On Thu, Sep 3, 2009 at 2:23 PM, Bill Kelly<billk / cts.com> wrote:
>
> From: "Gregory Brown" <gregory.t.brown / gmail.com>
>>
>> The trouble is that the Ruby License (on its own) is not considered a
>> free software license by the FSF, which makes it incompatible with the
>> GPL.
>> The only thing that makes Ruby free software in the eyes of the FSF is
>> the fact that it is dual licensed.
>
> I tried to locate some information regarding the FSF
> not considering the Ruby License a free software license, but all I've fo=
und
> so far was this:
>
> http://www.gnu.org/licenses/license-list.html#Ruby
>
> Which says:
> =A0License of Ruby
>
> =A0This is a free software license ...

You didn't finish the sentence:

"This is a free software license, compatible with the GPL **via an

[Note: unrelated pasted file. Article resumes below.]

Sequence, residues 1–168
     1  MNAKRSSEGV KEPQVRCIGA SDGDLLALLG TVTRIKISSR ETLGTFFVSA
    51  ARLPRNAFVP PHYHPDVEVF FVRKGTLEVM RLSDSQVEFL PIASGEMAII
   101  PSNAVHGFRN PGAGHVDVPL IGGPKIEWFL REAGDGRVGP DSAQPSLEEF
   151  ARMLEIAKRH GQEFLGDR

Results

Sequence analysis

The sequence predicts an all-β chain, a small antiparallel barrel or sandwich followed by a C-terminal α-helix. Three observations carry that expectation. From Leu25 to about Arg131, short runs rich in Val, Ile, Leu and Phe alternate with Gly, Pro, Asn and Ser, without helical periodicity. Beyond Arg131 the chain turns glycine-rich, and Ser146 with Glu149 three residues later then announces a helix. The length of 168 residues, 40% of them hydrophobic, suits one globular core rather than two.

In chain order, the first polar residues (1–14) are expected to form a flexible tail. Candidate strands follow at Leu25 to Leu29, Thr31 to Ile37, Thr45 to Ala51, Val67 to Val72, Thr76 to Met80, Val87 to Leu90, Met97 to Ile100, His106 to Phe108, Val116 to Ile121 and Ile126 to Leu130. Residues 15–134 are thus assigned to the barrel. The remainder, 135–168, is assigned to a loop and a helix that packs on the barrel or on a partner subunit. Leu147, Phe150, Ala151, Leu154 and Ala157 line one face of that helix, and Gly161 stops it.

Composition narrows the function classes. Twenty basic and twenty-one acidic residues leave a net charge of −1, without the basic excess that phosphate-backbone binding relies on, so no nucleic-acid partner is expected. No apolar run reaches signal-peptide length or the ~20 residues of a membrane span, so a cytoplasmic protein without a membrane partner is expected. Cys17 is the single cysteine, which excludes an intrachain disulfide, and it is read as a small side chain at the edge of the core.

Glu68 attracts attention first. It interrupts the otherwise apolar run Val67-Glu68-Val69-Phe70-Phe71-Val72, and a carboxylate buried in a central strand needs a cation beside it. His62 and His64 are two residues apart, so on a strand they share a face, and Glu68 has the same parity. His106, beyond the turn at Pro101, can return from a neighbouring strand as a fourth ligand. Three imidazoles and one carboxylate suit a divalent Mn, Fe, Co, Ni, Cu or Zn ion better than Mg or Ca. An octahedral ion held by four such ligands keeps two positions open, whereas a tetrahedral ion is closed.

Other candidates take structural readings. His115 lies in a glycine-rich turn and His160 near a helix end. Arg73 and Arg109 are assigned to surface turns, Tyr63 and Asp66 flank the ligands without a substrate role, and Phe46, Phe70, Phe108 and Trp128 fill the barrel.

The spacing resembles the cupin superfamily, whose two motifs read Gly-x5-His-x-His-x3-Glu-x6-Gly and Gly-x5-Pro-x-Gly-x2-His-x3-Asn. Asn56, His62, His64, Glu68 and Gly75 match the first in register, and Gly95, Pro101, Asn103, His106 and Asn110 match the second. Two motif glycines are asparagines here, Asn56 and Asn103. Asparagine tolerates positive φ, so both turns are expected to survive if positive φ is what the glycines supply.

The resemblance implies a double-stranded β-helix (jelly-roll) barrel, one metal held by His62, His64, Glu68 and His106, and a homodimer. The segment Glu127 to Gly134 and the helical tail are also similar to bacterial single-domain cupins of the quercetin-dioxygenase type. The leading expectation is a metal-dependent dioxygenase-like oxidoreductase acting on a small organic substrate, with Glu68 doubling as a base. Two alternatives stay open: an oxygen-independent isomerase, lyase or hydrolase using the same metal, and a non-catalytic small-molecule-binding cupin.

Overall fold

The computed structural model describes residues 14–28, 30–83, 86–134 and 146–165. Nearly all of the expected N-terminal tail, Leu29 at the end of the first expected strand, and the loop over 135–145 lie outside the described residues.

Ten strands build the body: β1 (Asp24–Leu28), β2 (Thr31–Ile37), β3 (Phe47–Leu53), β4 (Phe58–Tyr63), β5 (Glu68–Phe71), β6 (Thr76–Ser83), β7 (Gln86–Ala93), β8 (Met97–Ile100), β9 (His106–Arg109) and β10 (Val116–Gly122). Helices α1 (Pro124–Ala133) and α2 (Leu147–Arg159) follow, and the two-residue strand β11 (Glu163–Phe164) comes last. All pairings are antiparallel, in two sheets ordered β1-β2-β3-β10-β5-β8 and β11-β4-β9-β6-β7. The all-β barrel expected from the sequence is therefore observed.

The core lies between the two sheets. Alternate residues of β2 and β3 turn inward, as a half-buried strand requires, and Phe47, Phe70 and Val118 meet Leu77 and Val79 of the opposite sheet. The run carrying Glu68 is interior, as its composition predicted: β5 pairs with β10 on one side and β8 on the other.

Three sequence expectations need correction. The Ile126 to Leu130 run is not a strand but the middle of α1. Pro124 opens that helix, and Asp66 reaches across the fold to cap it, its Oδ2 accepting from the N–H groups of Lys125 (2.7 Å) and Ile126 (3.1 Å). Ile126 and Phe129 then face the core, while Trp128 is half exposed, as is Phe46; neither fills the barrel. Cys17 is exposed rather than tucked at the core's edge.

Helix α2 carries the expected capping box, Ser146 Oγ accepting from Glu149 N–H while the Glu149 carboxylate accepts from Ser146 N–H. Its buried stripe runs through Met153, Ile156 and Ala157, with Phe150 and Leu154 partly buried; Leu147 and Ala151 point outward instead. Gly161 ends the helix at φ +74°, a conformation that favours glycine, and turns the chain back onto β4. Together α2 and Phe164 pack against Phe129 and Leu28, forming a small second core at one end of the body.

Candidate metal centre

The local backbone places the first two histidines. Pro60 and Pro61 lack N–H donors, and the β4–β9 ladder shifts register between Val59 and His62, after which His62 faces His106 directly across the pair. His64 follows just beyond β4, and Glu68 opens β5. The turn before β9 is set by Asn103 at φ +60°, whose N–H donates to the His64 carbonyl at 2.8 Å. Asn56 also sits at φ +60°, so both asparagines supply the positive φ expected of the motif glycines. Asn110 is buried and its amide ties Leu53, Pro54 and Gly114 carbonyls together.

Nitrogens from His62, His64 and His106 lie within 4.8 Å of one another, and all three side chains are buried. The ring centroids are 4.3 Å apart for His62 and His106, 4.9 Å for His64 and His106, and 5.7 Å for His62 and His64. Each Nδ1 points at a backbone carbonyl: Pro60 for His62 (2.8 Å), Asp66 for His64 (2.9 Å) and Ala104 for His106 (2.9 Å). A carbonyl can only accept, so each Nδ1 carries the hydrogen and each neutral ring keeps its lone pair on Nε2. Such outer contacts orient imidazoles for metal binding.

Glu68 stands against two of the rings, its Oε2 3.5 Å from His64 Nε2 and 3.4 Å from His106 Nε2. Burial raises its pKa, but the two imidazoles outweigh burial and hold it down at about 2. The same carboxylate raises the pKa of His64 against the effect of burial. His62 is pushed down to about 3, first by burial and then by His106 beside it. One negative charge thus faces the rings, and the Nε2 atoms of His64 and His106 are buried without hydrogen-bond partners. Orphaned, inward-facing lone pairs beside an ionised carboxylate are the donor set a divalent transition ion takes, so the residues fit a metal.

explicit dual-licensing clause.**"

This is technically true of anything with an explicit dual license.
(Such as GPL or pay for license) models.
If you dual license with the GPL, and your codebase is GPL compliant,
the other license could be "You must ride a pony while using this
software OR abide by the GPL" and it'd be valid.

To be fair, there isn't anything except for wording that might get in
the way of Matz's terms being considered a free software license.
And for a bit more disclosure, I had asked this question a while back
to Richard Stallman directly in an email, so...  I'm not sure it has
been discussed extensively beyond that.

-greg